Mayor Garcia’s Vision of a Tech Hub Faces Challenges,
But Could Give Overlooked City Attention
Thursday’s Los Angeles Times contained a feature discussing the vision of new Long Beach, California mayor Robert Garcia to make “LBC” the next tech hub.
In earlier decades, the city’s character was easier to define. It was an oil town, a Navy town, an aerospace space. But the derricks vanished, the Navy sailed off, and Boeing is closing its C-17 plant.
Now, as Long Beach gropes afresh for its identity, the mayor of this famously blue-collar town is arguing for what seems an unlikely vision: Long Beach as high-tech hub, a world-class mecca of innovation, an incubator of cutting-edge entrepreneurship.
Or, as he likes to put it: “The Silicon Valley of the south.”
I lived in Long Beach from 1998-2002 before moving north to Santa Monica. The city certainly has a lot to offer and it is hard to beat our location in Belmont Shore where we lived one block from Alamitos Bay, one block from the Pacific Ocean and two blocks from a half-mile strip of restaurants and shops .
But as the LA Times article explains
What it doesn’t have — with exceptions such as the electronics firm Epson and the software company Laserfiche — is a conspicuous tech sector.
That ultimately is what drove our move north. In post-DotCom bust Southern California, opportunities were either north of LAX or south of John Wayne Airport which meant longer and longer commutes from Long Beach.
Long Beach does have some things working in its favor, which include
- an attractive beach community (that includes “Rosie’s Beach” the only legal off-leash dog beach in Los Angeles County);
- a convention town with lots of attractions such as the Aquarium of the Pacific, the Queen Mary and the outstanding Museum of Latin American Art (the only museum in the western United States that exclusively features Latin American art and which displays the famous Mexican muralists on its exterior under the stars in the summer);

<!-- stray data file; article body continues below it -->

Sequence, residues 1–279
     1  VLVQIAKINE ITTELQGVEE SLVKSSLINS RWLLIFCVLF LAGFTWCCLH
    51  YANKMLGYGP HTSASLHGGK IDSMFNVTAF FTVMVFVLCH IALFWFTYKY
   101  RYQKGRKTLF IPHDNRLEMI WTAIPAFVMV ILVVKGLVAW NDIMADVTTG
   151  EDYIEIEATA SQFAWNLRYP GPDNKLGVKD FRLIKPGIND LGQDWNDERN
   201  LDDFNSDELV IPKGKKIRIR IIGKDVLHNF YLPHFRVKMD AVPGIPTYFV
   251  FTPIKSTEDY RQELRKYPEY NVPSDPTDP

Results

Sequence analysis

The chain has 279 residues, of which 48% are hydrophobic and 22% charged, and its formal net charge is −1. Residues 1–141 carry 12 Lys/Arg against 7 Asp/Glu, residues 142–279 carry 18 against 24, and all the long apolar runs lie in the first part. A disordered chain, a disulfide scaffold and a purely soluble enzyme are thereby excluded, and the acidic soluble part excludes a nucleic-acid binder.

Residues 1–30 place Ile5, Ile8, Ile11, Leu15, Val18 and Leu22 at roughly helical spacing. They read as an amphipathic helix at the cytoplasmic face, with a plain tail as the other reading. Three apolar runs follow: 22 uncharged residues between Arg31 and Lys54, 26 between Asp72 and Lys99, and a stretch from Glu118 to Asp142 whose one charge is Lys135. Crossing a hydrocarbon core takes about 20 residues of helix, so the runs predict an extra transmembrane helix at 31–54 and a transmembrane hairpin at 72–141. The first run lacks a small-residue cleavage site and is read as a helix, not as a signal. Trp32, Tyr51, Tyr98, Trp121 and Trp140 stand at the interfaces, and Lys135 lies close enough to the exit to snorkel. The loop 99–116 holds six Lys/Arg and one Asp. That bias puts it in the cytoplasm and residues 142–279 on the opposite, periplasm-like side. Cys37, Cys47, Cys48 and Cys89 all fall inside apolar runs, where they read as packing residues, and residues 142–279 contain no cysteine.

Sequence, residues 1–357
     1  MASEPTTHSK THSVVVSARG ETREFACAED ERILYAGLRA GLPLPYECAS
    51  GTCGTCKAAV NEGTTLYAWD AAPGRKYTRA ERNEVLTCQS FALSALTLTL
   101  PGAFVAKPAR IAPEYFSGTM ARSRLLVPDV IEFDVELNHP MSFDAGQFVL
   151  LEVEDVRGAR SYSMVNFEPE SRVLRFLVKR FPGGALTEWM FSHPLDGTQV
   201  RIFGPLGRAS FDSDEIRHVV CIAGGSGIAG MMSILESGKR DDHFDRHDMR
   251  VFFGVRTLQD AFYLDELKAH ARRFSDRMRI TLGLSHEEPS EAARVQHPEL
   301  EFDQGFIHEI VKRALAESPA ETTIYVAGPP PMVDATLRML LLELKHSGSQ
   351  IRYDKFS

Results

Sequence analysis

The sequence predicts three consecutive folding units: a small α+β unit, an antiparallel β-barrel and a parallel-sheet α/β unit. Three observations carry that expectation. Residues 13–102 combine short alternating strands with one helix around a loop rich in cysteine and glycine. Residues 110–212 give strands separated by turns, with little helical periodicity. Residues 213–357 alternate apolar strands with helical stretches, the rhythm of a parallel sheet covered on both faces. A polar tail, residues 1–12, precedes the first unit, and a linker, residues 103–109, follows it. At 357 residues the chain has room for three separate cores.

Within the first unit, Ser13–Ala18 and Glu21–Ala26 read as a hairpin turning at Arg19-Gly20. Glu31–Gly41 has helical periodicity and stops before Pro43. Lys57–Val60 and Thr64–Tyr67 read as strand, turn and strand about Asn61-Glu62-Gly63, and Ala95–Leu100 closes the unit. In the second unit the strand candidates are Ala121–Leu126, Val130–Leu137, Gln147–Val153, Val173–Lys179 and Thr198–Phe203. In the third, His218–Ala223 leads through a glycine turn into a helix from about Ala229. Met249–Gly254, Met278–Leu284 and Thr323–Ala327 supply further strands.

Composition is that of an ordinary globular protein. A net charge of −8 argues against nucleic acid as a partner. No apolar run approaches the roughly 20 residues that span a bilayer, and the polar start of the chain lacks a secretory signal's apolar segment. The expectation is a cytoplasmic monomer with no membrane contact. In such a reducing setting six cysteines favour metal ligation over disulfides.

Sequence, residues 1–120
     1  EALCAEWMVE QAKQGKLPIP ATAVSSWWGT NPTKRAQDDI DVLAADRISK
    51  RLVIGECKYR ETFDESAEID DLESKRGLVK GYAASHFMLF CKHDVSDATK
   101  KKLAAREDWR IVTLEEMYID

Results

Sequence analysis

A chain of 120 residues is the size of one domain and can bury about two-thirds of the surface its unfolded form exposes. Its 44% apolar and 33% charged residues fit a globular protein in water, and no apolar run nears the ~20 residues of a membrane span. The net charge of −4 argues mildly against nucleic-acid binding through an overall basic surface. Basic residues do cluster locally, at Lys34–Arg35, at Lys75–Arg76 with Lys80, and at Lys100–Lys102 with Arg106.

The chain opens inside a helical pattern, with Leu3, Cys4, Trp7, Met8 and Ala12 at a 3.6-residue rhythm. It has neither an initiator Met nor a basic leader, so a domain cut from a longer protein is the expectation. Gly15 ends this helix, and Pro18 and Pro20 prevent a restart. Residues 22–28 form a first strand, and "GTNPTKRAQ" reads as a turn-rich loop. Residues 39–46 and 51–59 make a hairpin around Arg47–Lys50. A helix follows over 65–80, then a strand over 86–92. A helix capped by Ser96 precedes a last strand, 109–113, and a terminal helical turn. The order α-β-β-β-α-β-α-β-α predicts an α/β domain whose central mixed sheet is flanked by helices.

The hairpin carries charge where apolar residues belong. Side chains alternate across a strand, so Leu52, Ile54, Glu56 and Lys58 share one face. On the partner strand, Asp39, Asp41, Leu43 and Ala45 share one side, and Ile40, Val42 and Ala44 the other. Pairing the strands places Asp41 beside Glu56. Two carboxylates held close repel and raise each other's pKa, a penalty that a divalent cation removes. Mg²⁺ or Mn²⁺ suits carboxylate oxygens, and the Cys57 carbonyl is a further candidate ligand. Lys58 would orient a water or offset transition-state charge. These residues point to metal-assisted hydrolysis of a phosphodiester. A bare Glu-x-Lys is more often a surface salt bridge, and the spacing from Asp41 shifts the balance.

- a great retro airport that is the most hassle free of the Southern California airports, which has the lowest average airfare in California and nation’s fourth best on-time rate;
- being the most ethnically diverse large city in the United States (which includes the second-largest Cambodian community outside Asia behind Paris);
- being warmer and sunnier than competing communities since the Palos Verdes hills block the west to east airflow that bring the marine layer to other coastal towns; and
- connection to the Los Angeles metro system as the Blue Line ends in downtown Long Beach.
At the same time, however, Long Beach is very much in the shadow of the much larger Los Angeles and cannot compete with it in terms of culture, but then again neither can Irvine or San Jose.
Long Beach generally is more affordable than its neighbors, but it does not compare as favorably in the areas of education and crime.
Tech hubs often rely on an elite school to feed the talent that will spur the innovation and growth. Of the 8 biggest cities in California (Los Angeles, San Diego, San Jose, San Francisco, Fresno, Sacramento, Long Beach, Oakland) plus Irvine – only Fresno and Long Beach lack a UC university and an elite college. Long Beach must rely on the respected, but hardly elite, Long Beach State.
|Cost of Living||158||164||295||215||164|
|Air Quality Index||15||15||15||78.1||59.1|
The LA Times article notes
When Slate.com compiled a list of dozens of places the media has characterized as “the next Silicon Valley” in recent years, the candidates included Austin; Boston; Chattanooga, Tenn.; Detroit; Beijing; Kigali, Rwanda; Tel Aviv; and Santiago, Chile. Long Beach wasn’t mentioned.
Recently, however, Virgin Galactic announced that it will build satellite launchers at a facility near the Long Beach Airport. This combined with the Mayor’s efforts may have the effect of at least making Long Beach part of the discussion. Particularly, as the boom in the nearby Silicon Beach and Orange County tech communities may have some spill-over effect for Long Beach.